Monday, August 23, 2010

Thunderball V. Never Say Never Again, Part 1

I have a strange fascination with history, chronology and the concept of 'what has come before'. I love comparing different versions of the same idea, to look for it's evolution. Movie remakes are fascinating examples of how ideas can evolve and I've chosen to highlight some famous cinematic remakes in a new series of film comparisons.

A Little About the Remake
Remakes are nearly as old as movies themselves. Lew Wallace's novel Ben-Hur was the basis for the 1907 Sidney Olcott directed Ben Hur, which was later remade in 1925 and 1959.


Screens from the 1907, 1925 and 1959 versions of Ben-Hur

But why remake a story that has already been told? In some cases it's a simple as one auteur wanting to tell their own variation of a given story. Special effect laden movies are often remade as technology improves. Many "foreign" films have been adapted for the US market. Some directors, including D.W. Griffith and Alfred Hitchcock, have even remade their own works, seeking to produce a definitive vision. Sadly, most films are remade to recapture the cinematic success of the original film. In Hollywood, a new idea is always riskier than an old idea.



For the purpose of this series, a remake is defined as film that is a reproduction or direct adaptation of another film. And trust me, there have been hundreds of film remakes and adaptations. Reboots will have to wait for their own series of comparisons.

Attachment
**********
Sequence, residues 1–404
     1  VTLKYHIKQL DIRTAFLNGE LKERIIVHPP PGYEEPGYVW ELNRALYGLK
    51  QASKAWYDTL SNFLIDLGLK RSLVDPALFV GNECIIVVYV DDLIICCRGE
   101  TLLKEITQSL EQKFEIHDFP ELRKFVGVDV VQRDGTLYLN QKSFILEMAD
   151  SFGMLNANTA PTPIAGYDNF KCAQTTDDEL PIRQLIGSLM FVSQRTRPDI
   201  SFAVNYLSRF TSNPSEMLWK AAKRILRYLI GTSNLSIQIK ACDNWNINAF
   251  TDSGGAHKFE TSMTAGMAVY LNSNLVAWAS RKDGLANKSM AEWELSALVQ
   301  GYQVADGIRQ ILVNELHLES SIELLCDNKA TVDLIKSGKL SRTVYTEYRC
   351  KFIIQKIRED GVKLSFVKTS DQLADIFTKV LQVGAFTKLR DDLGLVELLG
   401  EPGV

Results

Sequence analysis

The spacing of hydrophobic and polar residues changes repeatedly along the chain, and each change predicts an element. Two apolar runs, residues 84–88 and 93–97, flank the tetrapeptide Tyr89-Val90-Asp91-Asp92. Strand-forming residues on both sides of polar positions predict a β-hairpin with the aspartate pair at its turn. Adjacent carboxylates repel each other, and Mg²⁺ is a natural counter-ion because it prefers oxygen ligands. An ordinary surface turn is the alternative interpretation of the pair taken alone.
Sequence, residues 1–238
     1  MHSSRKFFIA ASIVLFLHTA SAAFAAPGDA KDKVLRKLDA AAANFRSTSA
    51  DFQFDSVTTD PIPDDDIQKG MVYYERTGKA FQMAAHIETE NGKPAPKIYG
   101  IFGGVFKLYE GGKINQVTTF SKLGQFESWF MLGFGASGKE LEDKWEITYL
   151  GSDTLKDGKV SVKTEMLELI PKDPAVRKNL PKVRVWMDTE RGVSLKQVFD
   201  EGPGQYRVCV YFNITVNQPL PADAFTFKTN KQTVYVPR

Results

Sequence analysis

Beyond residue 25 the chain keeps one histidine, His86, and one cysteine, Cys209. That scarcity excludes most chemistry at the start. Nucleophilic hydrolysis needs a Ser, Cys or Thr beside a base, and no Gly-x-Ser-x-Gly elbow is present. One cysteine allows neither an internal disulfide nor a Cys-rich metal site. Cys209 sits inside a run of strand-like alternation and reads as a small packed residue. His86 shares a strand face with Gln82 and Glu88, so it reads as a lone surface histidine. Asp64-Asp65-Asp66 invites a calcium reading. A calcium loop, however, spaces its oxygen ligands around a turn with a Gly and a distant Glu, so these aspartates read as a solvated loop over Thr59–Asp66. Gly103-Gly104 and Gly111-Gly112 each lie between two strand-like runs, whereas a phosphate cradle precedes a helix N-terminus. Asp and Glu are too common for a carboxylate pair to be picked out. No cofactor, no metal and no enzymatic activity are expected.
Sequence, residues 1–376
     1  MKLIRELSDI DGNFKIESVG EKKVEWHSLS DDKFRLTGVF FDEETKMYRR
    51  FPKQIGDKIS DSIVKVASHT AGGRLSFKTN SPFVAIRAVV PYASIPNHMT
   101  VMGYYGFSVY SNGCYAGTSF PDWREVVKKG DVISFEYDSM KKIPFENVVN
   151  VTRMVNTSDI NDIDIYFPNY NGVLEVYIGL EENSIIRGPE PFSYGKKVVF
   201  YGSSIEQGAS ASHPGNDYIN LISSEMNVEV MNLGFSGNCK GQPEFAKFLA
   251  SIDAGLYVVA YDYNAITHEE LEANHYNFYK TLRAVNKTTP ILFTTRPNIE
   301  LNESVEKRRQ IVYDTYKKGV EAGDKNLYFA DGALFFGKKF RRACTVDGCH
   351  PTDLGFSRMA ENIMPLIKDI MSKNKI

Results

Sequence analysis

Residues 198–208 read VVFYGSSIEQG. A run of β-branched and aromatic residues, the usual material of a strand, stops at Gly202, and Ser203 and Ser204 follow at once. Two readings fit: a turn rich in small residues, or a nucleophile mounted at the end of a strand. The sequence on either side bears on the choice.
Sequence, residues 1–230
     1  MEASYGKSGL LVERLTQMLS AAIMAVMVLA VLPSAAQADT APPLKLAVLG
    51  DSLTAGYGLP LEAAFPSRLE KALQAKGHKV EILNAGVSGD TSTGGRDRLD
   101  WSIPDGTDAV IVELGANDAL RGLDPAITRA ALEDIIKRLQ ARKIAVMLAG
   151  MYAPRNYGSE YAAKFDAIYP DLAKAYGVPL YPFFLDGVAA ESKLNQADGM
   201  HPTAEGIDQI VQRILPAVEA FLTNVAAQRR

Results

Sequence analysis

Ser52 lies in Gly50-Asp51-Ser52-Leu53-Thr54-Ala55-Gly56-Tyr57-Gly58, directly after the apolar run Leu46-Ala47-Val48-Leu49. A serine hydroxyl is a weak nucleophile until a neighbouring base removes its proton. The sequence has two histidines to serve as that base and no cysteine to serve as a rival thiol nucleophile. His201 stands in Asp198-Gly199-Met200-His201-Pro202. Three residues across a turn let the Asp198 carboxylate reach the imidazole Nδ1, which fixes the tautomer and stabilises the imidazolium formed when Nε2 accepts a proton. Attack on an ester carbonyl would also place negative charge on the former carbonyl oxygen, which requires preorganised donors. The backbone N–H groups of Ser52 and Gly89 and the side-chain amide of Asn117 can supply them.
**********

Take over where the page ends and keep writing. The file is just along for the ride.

Ian Fleming

James Bond: Celluloid Hero
James Bond was created in early 1952 by British journalist Ian Fleming and was instantaneously sought after by the small and big screens. After several years without a success transition to either screen, a new film project was started by Ian Fleming, Ernest Cuneo, Ivar Bryce, and Kevin McClory.

The project quickly dissolved into a legal battle over ownership of the story, but ultimately resulted in Fleming publishing Thunderball (TB) as his ninth Bond novel, to which McClory owned the film rights.

Fleming ultimately sold Albert R. Broccoli and Harry Saltzman the rights to his other Bond works and began producing films under the banner of EON Productions. When McClory couldn't get financing for his production, he turned to EON. McClory, Broccoli and Saltzman were all unhappy with the 1965 feature film that resulted from their partnership.


Albert R. Broccoli

As part of their deal, McClory agreed not to produce another adaption of the story for twelve years. After that deal expired in 1976, McClory and Sean Connery began working on ideas for a new original James Bond adventure tentatively called Warhead8 or James Bond of the Secret Service. However this production was successfully blocked in court. Four years later, with Warner Brothers behind him, McClory successfully got the legal green light to make a remake of Thunderball.

Unable to include James Bond, 007 or Thunderball in the title, Connery's second wife Micheline Roquebrune was the genesis for the title, having told him never say "never" again after he retired the role after Diamonds Are Forever.

These two films are perfect for comparison. Not only do they share the same source material and general plot arc, but they share the same lead actor playing the same role, the only remake I'm aware of with this accolade.

To Be Continued

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